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Community payments by windfarm operators labelled ‘pie in the sky’ by Angus campaigners  

Credit:  By Richard Watt | The Courier | 10 December 2012 | www.thecourier.co.uk ~~

A protest group against turbines near Brechin has unleashed a broadside after an appeal was made to Angus Council on behalf of developer Eurowind UK.

Director Ian Lindsay asked the council to consider a clear ”win-win” in supporting the 17-turbine development at Glen Lethnot, while a £200,000-per-annum community benefit has been suggested.

But a representative for anti-turbine lobby Stop Windfarm At Nathro (Swan) has rubbished economic benefits for the area.

”The potential damage to the local economy which would result from this development would far outweigh the so-called benefits that Eurowind claims, which are ludicrous figures with no basis in reality,” he said.

”The Angus Glens attract thousands of visitors every year and already support local businesses and employ many more people than this hideous industrial eyesore could ever do.

”Angus Council must do their duty to protect our cultural heritage.”

Eurowind UK, through its subsidiary Nathro Hill Wind Farm Ltd, proposes a ”significant” community benefit investment for the area, should consent be given.

This equates to £3.5K per MW installed capacity, which could generate more than £200,000 per year (index linked), depending on final installed capacity.

The proposed windfarm, on the Careston Estate at Glen Lethnot, would be about 10 kilometres northwest of the A90, composed of 17 turbines with a maximum total capacity of around 60 megawatts.

The Scottish Government is considering the proposal but ”pie in the sky” community payments offered by windfarm companies in Angus have already been criticised by local campaigner Fiona Dow.

Mrs Dow said an estimated figure of around £20m for the Angus economy does not add up to much over a 25-year period.

”Nowadays we talk about millions like they’re nothing,” she said.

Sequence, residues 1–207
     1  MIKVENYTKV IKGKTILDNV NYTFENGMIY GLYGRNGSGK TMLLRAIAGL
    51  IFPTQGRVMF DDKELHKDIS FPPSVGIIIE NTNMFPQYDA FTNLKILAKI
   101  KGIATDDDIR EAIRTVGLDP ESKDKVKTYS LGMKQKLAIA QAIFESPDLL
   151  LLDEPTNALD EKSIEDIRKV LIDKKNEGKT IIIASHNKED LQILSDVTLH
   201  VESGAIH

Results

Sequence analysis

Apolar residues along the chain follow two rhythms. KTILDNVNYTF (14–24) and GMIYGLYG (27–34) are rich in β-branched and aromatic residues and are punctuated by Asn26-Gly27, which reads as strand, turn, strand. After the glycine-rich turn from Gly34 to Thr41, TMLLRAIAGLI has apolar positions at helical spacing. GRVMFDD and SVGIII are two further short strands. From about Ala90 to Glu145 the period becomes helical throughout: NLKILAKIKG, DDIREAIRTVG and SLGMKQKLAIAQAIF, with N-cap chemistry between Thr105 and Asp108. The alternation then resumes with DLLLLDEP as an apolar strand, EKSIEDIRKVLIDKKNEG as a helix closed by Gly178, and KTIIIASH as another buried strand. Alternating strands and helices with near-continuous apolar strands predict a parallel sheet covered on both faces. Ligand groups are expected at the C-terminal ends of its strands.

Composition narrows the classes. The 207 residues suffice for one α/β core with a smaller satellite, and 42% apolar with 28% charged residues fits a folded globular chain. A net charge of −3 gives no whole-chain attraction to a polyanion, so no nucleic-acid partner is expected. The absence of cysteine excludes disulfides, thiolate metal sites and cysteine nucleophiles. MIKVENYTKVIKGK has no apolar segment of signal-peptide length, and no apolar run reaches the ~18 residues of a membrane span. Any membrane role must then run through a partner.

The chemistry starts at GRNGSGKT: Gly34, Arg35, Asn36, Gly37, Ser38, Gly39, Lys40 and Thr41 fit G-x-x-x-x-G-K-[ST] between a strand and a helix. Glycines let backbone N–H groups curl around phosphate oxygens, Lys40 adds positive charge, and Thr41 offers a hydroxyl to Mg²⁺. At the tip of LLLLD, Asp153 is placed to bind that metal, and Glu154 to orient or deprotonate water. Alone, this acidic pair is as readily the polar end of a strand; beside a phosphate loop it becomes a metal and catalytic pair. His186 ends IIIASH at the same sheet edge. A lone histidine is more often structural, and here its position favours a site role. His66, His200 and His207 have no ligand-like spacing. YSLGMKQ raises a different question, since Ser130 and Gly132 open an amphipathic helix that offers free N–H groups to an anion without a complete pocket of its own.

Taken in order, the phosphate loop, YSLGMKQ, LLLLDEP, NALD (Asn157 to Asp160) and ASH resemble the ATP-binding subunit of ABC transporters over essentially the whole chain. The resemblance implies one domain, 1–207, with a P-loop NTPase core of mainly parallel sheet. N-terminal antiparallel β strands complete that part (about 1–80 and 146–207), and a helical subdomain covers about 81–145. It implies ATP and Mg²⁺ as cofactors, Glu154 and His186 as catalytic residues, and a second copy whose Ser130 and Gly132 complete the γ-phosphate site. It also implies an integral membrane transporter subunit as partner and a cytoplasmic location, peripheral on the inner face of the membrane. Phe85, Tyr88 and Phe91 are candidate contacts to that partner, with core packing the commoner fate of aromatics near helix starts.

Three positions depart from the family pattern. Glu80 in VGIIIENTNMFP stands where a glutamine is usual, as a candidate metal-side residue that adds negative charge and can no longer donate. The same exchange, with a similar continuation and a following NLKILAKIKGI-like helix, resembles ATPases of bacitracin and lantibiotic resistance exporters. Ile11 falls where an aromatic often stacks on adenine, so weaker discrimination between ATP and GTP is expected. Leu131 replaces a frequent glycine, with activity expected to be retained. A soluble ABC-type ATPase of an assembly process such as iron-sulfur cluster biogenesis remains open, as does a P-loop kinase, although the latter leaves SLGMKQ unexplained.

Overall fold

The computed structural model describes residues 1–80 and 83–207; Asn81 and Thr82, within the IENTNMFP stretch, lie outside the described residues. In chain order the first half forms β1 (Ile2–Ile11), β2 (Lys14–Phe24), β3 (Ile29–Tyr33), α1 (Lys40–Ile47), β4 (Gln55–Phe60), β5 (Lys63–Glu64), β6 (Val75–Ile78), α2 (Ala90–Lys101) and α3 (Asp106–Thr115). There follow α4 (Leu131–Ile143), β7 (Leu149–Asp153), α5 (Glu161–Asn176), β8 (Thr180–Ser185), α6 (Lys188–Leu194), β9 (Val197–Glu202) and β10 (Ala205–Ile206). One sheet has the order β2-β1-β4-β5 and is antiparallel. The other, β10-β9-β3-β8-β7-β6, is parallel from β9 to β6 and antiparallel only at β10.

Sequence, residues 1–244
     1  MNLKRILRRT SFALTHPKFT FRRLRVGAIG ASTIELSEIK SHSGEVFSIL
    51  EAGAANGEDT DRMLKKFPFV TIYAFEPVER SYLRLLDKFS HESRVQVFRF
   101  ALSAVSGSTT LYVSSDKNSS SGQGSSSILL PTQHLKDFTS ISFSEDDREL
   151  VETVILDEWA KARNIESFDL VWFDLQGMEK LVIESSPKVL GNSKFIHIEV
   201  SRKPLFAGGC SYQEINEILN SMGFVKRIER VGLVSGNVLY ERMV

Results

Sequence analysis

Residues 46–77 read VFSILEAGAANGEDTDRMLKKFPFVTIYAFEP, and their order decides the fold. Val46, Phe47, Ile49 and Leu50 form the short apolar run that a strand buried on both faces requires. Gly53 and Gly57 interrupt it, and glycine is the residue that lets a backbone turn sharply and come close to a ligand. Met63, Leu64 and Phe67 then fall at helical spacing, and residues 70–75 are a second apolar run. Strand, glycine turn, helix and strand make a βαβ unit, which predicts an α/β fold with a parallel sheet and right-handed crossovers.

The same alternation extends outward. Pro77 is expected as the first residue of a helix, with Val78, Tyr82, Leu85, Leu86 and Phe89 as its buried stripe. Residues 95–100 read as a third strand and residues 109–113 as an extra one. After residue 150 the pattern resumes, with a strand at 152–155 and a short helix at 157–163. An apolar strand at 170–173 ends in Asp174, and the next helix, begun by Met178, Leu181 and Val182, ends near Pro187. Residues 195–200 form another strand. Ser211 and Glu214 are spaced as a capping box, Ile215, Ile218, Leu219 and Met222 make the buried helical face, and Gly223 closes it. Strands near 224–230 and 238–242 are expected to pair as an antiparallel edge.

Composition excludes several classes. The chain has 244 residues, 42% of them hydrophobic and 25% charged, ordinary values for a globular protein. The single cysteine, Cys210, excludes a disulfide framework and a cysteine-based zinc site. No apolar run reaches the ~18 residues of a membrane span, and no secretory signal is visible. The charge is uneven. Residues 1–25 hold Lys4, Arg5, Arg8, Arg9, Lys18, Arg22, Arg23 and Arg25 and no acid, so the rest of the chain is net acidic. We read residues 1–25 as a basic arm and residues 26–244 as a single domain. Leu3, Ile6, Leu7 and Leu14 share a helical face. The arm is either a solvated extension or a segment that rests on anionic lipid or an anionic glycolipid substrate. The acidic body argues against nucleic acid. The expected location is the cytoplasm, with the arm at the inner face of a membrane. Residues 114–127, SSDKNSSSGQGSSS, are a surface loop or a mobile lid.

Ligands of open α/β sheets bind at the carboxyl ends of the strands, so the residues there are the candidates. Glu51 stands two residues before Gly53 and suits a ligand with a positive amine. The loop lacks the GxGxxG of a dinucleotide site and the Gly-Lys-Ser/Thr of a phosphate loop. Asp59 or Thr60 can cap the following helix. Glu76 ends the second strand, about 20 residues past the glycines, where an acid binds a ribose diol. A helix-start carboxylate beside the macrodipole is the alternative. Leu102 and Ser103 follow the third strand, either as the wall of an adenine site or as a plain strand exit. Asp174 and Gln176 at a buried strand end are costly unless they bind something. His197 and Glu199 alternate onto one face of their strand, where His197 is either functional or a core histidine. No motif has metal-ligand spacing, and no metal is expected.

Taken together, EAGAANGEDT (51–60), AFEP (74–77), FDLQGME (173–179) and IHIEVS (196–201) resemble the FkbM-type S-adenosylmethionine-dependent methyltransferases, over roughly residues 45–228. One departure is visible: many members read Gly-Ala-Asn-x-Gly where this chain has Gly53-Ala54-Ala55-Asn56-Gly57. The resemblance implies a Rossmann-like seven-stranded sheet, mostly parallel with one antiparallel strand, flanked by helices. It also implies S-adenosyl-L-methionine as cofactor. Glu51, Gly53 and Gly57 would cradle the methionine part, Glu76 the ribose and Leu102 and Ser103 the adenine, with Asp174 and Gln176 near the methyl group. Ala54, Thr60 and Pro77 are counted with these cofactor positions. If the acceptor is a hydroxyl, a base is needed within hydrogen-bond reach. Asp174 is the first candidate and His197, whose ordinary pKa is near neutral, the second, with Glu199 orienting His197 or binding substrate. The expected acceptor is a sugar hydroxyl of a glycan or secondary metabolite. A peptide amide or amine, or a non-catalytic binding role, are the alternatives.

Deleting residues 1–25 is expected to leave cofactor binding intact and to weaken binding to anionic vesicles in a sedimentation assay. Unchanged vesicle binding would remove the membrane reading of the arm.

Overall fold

”It may look tempting but a million pounds doesn’t get you much. The amenity of the landscape here is worth far more than that – you can’t put a price on it.

Mr Lindsay had said: ”The opportunity to tackle the biggest environmental threat facing the world while investing significant income in the Angus economy is probably the clearest win-win Angus Council is going to find in the middle of a recession.”

The Swan campaigner, who asked not to be named, added: ”Most of the country have already woken up to the real truth about windfarm economics.”

Source:  By Richard Watt | The Courier | 10 December 2012 | www.thecourier.co.uk

This article is the work of the source indicated. Any opinions expressed in it are not necessarily those of National Wind Watch.

The copyright of this article resides with the author or publisher indicated. As part of its noncommercial effort to present the environmental, social, scientific, and economic issues of large-scale wind power development to a global audience seeking such information, National Wind Watch endeavors to observe “fair use” as provided for in section 107 of U.S. Copyright Law and similar “fair dealing” provisions of the copyright laws of other nations. Send requests to excerpt, general inquiries, and comments to query/wind-watch.org.

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